Despite what the naysayers will have you believe, more people are watching more television than ever before – they’re just not watching as much live linear.
So why is it that the market only seems to care about overnight ratings rather than considering the broader life cycle of content – and, more importantly, are we missing a trick here?
There’s no doubt in my mind as consumer behaviour shifts and TV networks focus on more on delivering content through catch-up services and via digital platforms that now is the time to change how we value TV ratings and success.
But first, an admission.
I’ll be the first to put up my hand and say that the news cycle is part of the problem and trade journalists like myself have contributed to this obsession with overnight.
As a journalist, our natural instinct is to place higher stock in what has happened most recently rather than looking at everything holistically. This desperation for the here and now is compounded by competition, a lack of time and resources, media FOMO and inconsistency in how TV networks promote their success.
An old mentor, former SBS football pundit Tommy Anderson, once told me, ‘son, be first and be accurate – but whatever you do be accurate first’.
When I report on TV figures, I try to stick to this sage advice, navigating a labyrinth of OzTAM figures and network spin to produce an accurate report in the morning rush.
The problem is, I’m missing huge numbers and the bigger picture every single time.
From OzTAM, we only receive a limited amount of ratings data on the top 20 shows each evening, including the top 5 for major demos. We also receive a number reports from each of the networks promoting their versions of success.
OzTAM sends us catch up data and the networks occasionally add a few notes when it is advantageous to do so, but it is never given much attention.
This isn’t good enough if you consider shifting consumer behaviour and it's also at odds with how we judge success on other video platforms like YouTube (viral hits are never defined by overnight views, for example).
Where this is a problem is for dramas and reality TV shows – live sport and news don’t generate much on-demand traffic.
For example, on 26 July, The Bachelor attracted an average of 761,478 metro viewers, which is solid but unremarkable for Ten’s tent pole show.
Fast forward a week and the picture changes substantially. With encore screenings, and catch up audiences, the total viewership grows to 1.26 million.
MCN chief sales and marketing officer Mark Frain recently illustrated a more extreme example in a comment piece for AdNews.
Only 19% of the Game of Thrones season 7 finale was watched live (see below), while non-live accounts for 36% of Neighbours viewing, 30% of the Bachelorette (Ep 1 - see below) and 40% of Offspring’s total audience.
Why does this matter?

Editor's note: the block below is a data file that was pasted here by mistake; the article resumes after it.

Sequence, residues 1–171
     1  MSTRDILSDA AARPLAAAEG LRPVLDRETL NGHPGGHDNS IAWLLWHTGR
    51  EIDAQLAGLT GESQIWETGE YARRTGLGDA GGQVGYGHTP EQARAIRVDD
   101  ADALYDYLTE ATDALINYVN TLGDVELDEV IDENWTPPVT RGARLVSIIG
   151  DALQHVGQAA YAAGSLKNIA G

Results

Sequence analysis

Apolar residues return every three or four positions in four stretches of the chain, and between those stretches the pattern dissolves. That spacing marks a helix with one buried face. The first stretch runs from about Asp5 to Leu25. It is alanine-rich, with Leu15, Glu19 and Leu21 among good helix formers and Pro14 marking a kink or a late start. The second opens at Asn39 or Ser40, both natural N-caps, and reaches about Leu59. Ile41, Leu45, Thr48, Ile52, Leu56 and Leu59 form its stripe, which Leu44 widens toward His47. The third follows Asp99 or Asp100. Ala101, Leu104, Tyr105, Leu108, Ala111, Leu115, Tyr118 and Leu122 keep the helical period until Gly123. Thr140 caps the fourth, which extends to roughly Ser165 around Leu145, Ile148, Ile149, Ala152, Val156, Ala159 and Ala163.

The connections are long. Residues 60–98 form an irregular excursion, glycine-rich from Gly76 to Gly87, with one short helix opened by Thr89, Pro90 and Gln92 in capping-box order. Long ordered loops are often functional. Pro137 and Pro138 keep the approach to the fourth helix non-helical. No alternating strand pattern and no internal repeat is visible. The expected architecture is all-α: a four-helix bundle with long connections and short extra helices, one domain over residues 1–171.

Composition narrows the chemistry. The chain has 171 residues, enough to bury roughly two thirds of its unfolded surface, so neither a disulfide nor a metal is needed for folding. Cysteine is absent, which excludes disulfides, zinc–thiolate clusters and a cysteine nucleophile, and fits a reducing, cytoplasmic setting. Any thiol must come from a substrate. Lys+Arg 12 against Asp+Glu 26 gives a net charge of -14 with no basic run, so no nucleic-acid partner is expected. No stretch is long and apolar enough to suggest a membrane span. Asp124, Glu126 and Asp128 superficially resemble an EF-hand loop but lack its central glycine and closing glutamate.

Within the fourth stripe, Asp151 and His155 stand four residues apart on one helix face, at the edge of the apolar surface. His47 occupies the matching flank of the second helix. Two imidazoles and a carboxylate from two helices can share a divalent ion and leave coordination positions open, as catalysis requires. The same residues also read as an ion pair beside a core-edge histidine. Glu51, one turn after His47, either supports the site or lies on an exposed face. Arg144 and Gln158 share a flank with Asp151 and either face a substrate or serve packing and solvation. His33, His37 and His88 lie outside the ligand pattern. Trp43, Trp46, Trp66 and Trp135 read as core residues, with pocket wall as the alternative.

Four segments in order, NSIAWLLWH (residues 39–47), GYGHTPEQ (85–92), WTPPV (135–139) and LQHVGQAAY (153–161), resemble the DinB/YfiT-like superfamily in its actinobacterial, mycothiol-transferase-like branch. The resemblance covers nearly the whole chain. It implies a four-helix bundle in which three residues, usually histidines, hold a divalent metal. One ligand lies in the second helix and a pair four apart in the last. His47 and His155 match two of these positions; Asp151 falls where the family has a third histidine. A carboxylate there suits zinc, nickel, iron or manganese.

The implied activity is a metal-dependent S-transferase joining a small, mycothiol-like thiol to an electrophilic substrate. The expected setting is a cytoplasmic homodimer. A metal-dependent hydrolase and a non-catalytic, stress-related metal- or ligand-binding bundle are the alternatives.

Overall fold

This is important to TV networks because it misrepresents the true audience of TV programs, ultimately underselling them.
Frain recently told me that the industry is largely measuring the success of a TV program on live only ratings.
“That is what people look at and most agencies will still evaluate the success, price and value on that show on what it did as a live audience,” he said.
“But as you add in the encores and plus-seven day you suddenly get to a vastly different equation.”
MCN, which is the sales partner of Foxtel and Ten, isn’t representing the only TV networks that realise the industry needs to improve how it values lifecycle audiences.
Last week, Nine chief executive Hugh Marks told me the industry needs to get better at measuring and monetising content across all platforms and highlighted this as one of the key issues to watch over the coming year.
As TV networks increasingly restructure their businesses to better reflect the growing importance of digitally served content, it is incumbent upon the whole industry (media sellers, buyers, measurement firms and the press) to reassess how it measures success across the broader ecosystem rather than focusing purely on overnight broadcast figures.
An example of how this might look like is illustrated below, courtesy of MCN.
I’d like to get the debate started and change how AdNews reports success, not by ignoring overnight but by complementing it with long-tail viewing measures.
I welcome all parties to engage in the discussion and contribute their thoughts and viewpoints – you can contact me on: email@example.com.
Let’s face it – many of us view television content differently and the growing on-demand economy will only continue to reshape television consumption.
If the TV industry wants to be part of this evolving media landscape and thrive, it and industry partners need to come together to change how success is measured.
An example of how TV reporting could evolve: